Initial construction will begin mid-February and final assembly will have a March 26 deadline to coincide with the Folly Farm “Enchanted Garden Fest”. At that time, the public is invited to join in on a “community build” to complete any unfinished pieces!  


Gnomeo and Faeriette:
the beginning of their love story

a story by Laura Kepner


A long time ago, longer even than Once Upon a Time, but also not too far away, a little gnome came into this world surrounded by flowers, hummingbirds, and cookies. (All gnomes celebrate with cookies.)

Little Gnomeo grew, enveloped in the love of the hummingbirds, the bees and crows, the squirrels and wee creatures, and of course, the love of his family. And while Gnomeo played with his little Gnome friends amongst mushrooms and crickets, tall green grasses and yellow, orange, and pink flowers, he sometimes, once upon a rare season, found ways to be naughty.

On one such occasion, during one of those naughty spells, Gnomeo climbed the bark of an ancient oak tree. He wasn’t allowed to play in the barks but he simply could not resist the texture of the tree skins!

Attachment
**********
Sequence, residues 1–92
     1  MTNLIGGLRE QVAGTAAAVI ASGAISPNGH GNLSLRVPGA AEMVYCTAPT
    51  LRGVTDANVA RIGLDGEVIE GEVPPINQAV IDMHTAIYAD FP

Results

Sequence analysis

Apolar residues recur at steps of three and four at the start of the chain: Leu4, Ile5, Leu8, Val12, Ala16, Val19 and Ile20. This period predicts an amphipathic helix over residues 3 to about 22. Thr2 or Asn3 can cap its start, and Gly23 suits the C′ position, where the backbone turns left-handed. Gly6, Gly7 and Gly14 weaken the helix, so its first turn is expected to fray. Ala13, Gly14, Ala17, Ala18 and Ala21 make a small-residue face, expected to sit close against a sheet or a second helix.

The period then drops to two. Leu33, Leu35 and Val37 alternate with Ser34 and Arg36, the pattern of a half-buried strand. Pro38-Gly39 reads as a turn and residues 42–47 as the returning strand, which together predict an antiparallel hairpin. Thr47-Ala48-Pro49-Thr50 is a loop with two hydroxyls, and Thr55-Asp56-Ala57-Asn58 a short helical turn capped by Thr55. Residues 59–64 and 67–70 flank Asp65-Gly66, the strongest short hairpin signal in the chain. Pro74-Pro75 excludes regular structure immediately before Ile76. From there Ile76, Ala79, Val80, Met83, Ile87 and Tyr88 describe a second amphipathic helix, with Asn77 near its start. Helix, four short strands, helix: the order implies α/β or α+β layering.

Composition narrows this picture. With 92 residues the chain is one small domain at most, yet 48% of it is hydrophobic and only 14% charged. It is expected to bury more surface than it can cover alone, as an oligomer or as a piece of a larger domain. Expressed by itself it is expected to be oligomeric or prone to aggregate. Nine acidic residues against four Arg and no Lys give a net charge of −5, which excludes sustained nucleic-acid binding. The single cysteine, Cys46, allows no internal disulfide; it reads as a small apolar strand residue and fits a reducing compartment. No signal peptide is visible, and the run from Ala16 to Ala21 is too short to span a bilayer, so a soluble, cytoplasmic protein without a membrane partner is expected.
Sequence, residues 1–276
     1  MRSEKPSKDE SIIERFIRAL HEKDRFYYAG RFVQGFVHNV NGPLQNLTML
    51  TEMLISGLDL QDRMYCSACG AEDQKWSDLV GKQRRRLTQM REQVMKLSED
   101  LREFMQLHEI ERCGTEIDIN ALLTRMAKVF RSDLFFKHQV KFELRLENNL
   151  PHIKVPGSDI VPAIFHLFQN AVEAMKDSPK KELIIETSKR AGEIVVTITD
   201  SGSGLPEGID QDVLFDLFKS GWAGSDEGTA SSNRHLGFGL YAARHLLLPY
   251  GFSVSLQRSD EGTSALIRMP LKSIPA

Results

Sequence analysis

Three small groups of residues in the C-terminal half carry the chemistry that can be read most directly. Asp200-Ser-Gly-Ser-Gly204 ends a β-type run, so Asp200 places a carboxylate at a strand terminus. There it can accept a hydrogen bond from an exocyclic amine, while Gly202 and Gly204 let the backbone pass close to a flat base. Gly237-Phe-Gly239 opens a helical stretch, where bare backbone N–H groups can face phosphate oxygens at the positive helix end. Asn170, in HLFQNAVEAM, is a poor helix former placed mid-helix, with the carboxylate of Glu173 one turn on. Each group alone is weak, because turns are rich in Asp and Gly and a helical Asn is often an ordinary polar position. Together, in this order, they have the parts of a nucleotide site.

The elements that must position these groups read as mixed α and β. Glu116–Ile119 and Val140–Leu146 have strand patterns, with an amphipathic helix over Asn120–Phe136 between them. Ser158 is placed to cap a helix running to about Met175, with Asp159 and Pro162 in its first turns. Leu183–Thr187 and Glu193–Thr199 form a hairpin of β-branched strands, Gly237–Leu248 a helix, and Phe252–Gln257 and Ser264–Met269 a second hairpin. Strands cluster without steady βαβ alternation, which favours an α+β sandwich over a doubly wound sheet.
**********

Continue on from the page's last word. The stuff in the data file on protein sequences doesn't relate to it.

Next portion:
His mother Gnomina, gnoticed. “Gnomeo, what did we tell you? No climbing the oaks. That is where the faeries live and you are not a Faerie.”

“But I love the Faeries,” Gnomeo said. “I love everyone and everything.”

“And they love you too, son,” Gnomina said as she smiled. “But we all must keep to our own.”

Gnomeo did not agree that the Gnomes and Faeries should have such silly rules. Most Gnome rules were understandable: wash before eating, always say please and always say thank you, share whatever you have with those who need, and make every decision with love in your heart. But this rule—no climbing the oaks?  Who invented that anyway? No one knew. But still, it was how it always had been and how it always would be.